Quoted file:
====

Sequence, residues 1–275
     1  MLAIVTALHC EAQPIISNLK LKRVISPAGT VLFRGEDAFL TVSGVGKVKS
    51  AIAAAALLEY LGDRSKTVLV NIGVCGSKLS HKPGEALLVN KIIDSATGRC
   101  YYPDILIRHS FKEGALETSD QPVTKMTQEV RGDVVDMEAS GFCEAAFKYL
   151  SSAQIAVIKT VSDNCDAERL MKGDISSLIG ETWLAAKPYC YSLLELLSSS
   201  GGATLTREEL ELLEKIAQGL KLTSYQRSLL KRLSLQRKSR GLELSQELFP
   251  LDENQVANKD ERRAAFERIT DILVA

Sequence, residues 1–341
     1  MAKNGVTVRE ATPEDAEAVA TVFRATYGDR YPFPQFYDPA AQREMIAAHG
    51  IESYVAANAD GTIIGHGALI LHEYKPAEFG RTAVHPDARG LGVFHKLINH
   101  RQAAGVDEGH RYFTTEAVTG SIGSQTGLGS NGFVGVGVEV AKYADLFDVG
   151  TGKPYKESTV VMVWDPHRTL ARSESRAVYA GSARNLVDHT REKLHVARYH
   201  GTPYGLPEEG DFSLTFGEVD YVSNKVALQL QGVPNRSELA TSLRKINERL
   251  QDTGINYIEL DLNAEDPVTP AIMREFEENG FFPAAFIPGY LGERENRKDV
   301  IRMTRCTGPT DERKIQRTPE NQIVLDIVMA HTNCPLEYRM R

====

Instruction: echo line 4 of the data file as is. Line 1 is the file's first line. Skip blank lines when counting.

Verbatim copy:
   101  YYPDILIRHS FKEGALETSD QPVTKMTQEV RGDVVDMEAS GFCEAAFKYL